Now I realize that, as much as this got him off the hook as far as his thoughts about "love" and "relationship", her redemption really was a huge motivating factor for him. I've mentioned many times before that Wesley was a true Watcher, a guiding force who acted way beyond his formal Watcher's training. As soon as his Wesley the Watcher personality kicked in, he realized his purpose in life and had no problem doing what he had to do to save Lilah from turning into a vampire. (Indeed, a bit earlier in the episode, Wesley the Watcher quickly agreed with Connor's suggestion that Lilah might have been turned and even volunteered to perform the final deed.) Wesley the Watcher might have done the right thing, but it was Wesley the Lover who motivated him into action. He never would have been able to care about Lilah's salvation if hadn't have fallen in love with her.

Idle Thoughts. I'm hoping "Salvage" was rewarding for Stephanie Romanov, since it finally gave her an opportunity to show that Lilah was capable of a great deal of love and warmth.

We have the obvious problem that, if Lilah was really talking to Wesley in "Salvage", why didn't she inform him that Cordelia murdered her?

I'm now well into Season 5 while watching Angel on TNT. Last night I just watched Alexis Denisof's excellent acting in "Lineage", which marked his first great performance in Season 5. I was shocked to discover that Eve, whom I still cannot stand, actually said a few profound things in a dialogue sequence she had earlier in the episode with Angel.

To back up, I was always annoyed with Eve for being way too obvious with her explanations, as though she was over-explaining things for the benefit of the feeble-minded. However, I really appreciated what Eve said in this episode because she keyed in on what I think is a key facet of the differences between Angel's and Wesley's personalities, and that was the treatment of the individual within the group.

Quite frankly, if I belonged to Angel Investigations, and I was trapped somewhere and it was of the highest importance that the rest of the group make it out safely, at that moment I'd rather have Angel leading the group than Wesley. I know Angel would double back to save me, whereas Wesley would be concerned with the safety of the rest of the group and abandon me to my fate. Eve really nailed it when she said that Wesley focused on the big picture and appeared to overlook the people involved. Angel would always be wondering if Wesley had Angel's personal interests in mind when dealing with him. I've written extensively on this facet of Wesley's personality (which I happened to admire) in "Character Turning Point" and other posts tagged "dichotomy".

Angel admitted later in the episode that he was just beginning to realize that Wesley was the one who made the hard decisions. Angel did not state this per se, but just like individuals need to strive for balance in their lives, groups need the same balance. Angel Investigations floundered quite badly after they banished Wesley from the group. Wesley provided the key ingredient necessary to keep everyone focused on big picture and on achieving their overall goals. Although Wesley's decision to kidnap Connor in Season 3 was a huge mistake, Angel realized Wesley was acting from the purest of motivations.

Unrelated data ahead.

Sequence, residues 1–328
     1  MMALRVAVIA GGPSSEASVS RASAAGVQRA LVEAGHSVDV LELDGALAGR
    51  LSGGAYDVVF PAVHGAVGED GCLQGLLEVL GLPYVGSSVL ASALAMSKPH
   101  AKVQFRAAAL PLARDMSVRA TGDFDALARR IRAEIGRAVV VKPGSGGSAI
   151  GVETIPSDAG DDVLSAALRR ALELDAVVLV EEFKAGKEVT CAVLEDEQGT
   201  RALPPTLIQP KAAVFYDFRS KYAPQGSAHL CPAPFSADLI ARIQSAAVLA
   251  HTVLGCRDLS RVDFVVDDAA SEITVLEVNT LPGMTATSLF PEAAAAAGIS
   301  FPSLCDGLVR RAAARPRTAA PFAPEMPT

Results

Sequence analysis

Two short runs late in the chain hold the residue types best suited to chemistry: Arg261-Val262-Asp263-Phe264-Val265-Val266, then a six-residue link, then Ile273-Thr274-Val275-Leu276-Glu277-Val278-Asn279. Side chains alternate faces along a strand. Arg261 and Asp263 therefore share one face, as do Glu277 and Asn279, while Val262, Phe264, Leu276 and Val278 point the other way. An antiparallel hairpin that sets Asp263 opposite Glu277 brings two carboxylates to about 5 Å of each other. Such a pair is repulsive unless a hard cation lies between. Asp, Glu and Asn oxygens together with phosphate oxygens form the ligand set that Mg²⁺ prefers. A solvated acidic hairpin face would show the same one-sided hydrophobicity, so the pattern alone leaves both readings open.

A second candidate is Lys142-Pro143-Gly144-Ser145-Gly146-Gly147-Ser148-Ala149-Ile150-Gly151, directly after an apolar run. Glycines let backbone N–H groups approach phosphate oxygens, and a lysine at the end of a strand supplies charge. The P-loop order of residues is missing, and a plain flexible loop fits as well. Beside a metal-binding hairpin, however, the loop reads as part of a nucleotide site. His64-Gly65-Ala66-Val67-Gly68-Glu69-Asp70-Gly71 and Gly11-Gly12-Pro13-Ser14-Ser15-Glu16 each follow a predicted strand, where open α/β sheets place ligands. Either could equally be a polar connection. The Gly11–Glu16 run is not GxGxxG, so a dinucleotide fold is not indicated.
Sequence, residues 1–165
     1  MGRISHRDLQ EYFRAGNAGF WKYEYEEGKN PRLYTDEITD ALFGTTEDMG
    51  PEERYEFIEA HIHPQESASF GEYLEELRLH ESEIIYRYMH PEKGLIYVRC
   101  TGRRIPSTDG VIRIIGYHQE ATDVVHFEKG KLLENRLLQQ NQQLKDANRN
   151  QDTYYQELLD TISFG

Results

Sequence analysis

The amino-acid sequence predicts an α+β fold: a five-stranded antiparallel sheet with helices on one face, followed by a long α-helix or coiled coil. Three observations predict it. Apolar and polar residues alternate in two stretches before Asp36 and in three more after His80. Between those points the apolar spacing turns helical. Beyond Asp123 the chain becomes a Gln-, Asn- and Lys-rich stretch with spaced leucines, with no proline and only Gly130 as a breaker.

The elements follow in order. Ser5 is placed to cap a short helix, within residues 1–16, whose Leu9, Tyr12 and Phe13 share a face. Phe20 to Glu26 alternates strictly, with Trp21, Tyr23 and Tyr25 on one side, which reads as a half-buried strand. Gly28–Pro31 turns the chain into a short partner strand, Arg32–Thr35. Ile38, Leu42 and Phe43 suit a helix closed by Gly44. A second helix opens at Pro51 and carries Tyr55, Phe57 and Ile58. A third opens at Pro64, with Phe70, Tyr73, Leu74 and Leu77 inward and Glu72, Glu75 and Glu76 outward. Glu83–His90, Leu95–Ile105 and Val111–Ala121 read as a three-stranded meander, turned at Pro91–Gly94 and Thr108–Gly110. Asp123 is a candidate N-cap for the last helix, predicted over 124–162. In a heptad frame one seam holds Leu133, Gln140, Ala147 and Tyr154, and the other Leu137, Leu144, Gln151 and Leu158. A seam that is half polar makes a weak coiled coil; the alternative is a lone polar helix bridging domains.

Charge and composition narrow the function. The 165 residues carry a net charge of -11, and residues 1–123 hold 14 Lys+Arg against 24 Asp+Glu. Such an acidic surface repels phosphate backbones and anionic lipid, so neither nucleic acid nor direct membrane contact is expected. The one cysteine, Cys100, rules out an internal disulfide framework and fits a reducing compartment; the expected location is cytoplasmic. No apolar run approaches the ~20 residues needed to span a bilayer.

On the other hand, Fred, through her conversation with Wesley a few minutes later, showed that, like always, she was either truly naive, or she tended to deny the truth in mistaken attempts to make people feel better.

Fred tried to absolve Wesley of his guilt by insisting that he knew deep down that his father was a cyborg, Wesley knew better, of course. I know of other instances where Fred would gently refuse to face facts, including the moment in Season 3's "Billy" where she insisted that Wesley "wasn't himself" when he tried to kill her, (Wesley correctly knew that he was acting on an instinct buried deep inside), and when she was convinced that Angelus was lying when he let on that Wesley was having an affair with Lilah. I know Fred acted this way with other people, but I'm only remembering her moments with Wesley off of the top of my head. Regardless, it was just one more example of how Fred sweetly and genuinely liked to think the best of people. Perhaps Fred knew better deep down, but her actions did show that she had her own problems in dealing with the shades of gray that exist between the Black and White of Good and Evil.

When Wesley insisted that Fred go off with Knox, I think he was not only gallantly stepping away from Fred's friendship with Knox, but also signallying that perhaps he and Fred weren't quite right for each other at that time.

Season 5's "In Harm's Way" is one of the best TV episodes out there as far as portraying the subtle indignities and intrigues that low-level office grunts have to suffer through on a daily basis.

Finally, Blogger's spellcheck function is falsely tagging a lot of words as being misspelled. (For example, "relationship" and "conversation" and "explanation".) I apologize in advance if you start seeing more typos in my posts, since I'm starting to ignore a lot of Blogger's "typo" flags.